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William Rolleston : a New Zealand statesman



It was not until 1882 that Rolleston launched a major change in policy which was to arouse fierce controversy and a degree of alarm which seems strange in retrospect at a distance of more than half a century. "My advisers are of opinion", said the Governor's speech in 1882, "that a plan for leasing agricultural lands, with fixity of tenure upon reasonable terms, may with advantage be incorporated into the general system of administering the Crown Lands of the Colony, and a measure will be submitted to you with this object." This intimation of Rolleston's new land proposals seems innocent and harmless enough. But without waiting for the Bill to be produced a debate began a few days later on the Address-in-Reply, from which it was clear that these leasing proposals were regarded as a revolutionary change. It was said that Rolleston "had thrown himself into the arms of the Radicals",1 and he was denounced as a faddist. "We know very well", said Mr Montgomery, "that what are called the advanced Liberals or Radicals have advocated the leasing of public lands, and we know that the Government were opposed to it." A typical sentence from the speech of a freeholder will suffice to exemplify the line of opposition. "I believe", said one speaker, "in a man having a place of his own. A place on which he can spend the best strength and effort of his manhood. His toil is meanwhile sweetened by the knowledge that he will enjoy it in his declining years and that those dear to him will inherit the fruit of his labours. A place around which will clutter happy memories and sacred

1 Hansard, vol. xli, p. 32.

page 143associations, unblighted by the withering thought that strangers may intermeddle therewith and the link of connection be severed."

On these lines the subject was thrashed threadbare before the Bill was introduced. One of the strongest critics of the new policy was the Premier Sir John Hall, and perhaps this was the real cause of his resignation. For shortly before he resigned he said that a system whereby the cultivators of the soil were Crown tenants would be exceedingly injurious to the country. He made a long and vigorous protest against the idea to his constituents at Leeston. On the other hand, Atkinson pointed out that some of the Ministers, including himself, had long held the opinion that it was better to lease the lands instead of selling them and he said: "There are amongst us members who held that opinion for many years and have fought and worked to give it effect."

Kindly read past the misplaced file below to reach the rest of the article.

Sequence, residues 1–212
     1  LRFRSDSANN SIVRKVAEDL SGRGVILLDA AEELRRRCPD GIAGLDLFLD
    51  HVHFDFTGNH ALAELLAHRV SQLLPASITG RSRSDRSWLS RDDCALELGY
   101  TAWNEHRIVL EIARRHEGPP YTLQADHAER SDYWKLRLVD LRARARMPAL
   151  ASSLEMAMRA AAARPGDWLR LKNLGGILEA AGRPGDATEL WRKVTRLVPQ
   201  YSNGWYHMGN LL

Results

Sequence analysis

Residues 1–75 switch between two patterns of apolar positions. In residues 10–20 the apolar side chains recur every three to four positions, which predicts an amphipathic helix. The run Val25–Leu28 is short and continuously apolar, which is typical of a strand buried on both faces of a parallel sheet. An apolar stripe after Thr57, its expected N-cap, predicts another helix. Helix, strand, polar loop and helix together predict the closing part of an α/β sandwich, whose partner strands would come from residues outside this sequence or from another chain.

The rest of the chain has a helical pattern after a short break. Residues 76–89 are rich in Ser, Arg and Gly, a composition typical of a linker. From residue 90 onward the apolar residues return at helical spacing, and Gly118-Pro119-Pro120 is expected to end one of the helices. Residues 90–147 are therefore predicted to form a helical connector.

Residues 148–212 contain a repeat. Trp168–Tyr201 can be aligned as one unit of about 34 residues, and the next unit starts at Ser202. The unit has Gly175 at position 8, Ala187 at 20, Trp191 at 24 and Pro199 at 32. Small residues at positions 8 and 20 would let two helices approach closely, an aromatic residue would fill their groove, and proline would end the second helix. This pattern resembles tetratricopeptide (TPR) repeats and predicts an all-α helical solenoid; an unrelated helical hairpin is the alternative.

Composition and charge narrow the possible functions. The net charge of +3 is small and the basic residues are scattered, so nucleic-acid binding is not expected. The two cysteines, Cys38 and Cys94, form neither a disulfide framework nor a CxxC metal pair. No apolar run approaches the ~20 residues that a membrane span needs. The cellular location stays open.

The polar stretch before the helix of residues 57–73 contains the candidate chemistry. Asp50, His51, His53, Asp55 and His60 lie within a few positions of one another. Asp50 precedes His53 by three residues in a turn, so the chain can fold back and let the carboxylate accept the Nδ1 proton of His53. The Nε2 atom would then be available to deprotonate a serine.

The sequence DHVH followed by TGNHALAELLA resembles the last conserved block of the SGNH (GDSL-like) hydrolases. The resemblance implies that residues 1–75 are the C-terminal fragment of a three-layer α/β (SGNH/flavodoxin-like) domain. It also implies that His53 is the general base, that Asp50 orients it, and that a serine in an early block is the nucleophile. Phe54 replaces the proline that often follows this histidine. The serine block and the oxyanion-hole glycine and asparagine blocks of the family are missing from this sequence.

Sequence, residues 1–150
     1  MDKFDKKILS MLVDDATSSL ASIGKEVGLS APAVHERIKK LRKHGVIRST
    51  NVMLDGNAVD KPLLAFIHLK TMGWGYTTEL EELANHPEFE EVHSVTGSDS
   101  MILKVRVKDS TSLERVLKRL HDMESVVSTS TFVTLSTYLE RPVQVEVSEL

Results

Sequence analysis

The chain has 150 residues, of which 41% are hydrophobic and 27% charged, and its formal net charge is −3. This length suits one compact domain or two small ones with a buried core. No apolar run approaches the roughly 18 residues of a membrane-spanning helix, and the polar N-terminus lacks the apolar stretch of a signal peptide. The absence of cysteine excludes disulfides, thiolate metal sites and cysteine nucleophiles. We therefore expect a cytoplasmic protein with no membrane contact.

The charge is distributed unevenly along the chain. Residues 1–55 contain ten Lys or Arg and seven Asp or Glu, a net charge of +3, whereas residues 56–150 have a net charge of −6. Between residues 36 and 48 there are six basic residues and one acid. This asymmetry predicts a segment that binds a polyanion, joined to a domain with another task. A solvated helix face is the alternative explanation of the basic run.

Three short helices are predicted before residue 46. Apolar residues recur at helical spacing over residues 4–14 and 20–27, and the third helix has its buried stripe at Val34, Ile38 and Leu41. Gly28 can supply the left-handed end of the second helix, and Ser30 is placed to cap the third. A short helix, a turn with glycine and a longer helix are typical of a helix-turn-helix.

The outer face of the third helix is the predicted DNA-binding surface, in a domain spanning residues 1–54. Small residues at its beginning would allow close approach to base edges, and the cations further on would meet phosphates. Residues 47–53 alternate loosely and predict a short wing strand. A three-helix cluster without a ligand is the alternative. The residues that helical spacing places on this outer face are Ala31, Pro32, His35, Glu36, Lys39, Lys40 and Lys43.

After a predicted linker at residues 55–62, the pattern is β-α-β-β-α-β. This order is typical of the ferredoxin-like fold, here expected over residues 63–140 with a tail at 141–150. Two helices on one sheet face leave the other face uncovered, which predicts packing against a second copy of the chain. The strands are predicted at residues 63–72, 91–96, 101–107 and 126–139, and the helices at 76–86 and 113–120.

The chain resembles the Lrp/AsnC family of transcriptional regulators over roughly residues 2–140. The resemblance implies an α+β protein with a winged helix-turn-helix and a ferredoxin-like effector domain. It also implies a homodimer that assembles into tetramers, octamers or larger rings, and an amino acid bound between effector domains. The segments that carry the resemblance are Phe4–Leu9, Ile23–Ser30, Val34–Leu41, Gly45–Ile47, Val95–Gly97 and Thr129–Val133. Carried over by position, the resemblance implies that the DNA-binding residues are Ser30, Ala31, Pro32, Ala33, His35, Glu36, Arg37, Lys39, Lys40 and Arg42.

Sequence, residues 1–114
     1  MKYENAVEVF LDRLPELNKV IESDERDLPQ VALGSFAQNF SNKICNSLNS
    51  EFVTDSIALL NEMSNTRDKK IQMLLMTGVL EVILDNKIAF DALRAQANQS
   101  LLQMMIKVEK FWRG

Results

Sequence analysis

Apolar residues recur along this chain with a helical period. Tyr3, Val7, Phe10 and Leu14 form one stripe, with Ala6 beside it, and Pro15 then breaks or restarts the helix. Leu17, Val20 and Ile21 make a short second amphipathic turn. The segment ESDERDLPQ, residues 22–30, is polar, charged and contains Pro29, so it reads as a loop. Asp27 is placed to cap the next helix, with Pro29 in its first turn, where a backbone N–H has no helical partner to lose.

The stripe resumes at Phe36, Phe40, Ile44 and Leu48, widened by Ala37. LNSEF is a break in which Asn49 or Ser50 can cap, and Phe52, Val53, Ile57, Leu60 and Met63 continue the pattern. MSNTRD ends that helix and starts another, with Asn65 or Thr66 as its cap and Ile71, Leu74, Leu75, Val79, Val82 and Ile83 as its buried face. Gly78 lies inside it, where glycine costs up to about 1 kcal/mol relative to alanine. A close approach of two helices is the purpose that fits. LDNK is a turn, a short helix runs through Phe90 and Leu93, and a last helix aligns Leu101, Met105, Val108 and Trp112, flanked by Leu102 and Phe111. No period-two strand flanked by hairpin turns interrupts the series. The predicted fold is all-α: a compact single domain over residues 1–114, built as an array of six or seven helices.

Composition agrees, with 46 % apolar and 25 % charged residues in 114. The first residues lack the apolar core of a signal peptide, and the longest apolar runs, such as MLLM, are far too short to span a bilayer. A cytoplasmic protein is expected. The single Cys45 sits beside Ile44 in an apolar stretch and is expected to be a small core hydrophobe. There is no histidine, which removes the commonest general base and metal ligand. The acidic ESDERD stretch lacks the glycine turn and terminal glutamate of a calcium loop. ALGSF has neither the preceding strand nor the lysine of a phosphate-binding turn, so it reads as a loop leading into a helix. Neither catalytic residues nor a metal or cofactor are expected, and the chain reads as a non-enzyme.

When Rolleston finally introduced the Bill on 7 July, it was clear that there was nothing revolutionary in the measure, and that he did not ignore the desire of settlers for a freehold home. He said:

Nobody who knows and realises the feeling of pleasure that exists in a freehold would willingly ignore that desire so far as it can be reasonably gratified, and I think in administering the Act the system of alternation of sections of freehold upon which people could live and thus gratify the desire for freehold, and the attachment of leasehold sections to the freehold would be the form which would meet very largely the wants of the country.1

In fact he suggested that the leasehold should bear a certain proportion to the freehold and deferred payment land in any district not exceeding one-third or one-fourth. The speech in which he set out his proposals is one of the most forceful and earnest speeches that he ever made. He paid a tribute to the great work of Donald Reid, whose Deferred Payment

1 Hansard, vol. xli, p. 170.

page 144Bill of 1876 he described as "a Bill of true liberality introduced by a gentleman whose name will be for ever prominent in this Colony as one of the first to take a liberal view of the land question, and who worked it out with an earnestness and zeal that will not be readily forgotten".

His criticism of the deferred payment system was that while it was meant to enable people who had no capital except their industry, knowledge and experience to settle on the land yet the danger was that capitalists, storekeepers and moneylenders would step in and really become the landlords of the deferred payment settlements. The question was whether it was better to establish a tenantry of the moneylenders or a tenantry under the Crown. His object was not to displace the deferred payment system or purchase for cash, but he wanted settlement to go on at a greater pace.

This leasing system had a particular application to mining districts. There great difficulties had arisen from the occupation by agriculturists of auriferous country, without any provision for resumption when it was required for mining. At that time gold mining was the main industry of some parts of the country. The remedy was therefore to lease land for agriculture but with the power of resumption when it was required for mining. The system would also enable endowments to be set aside for educational purposes. "I always thought", he said, "that the country throughout its length and breadth should set aside land which would increase in value, and as the numbers requiring education increased, would lessen the weight of taxation."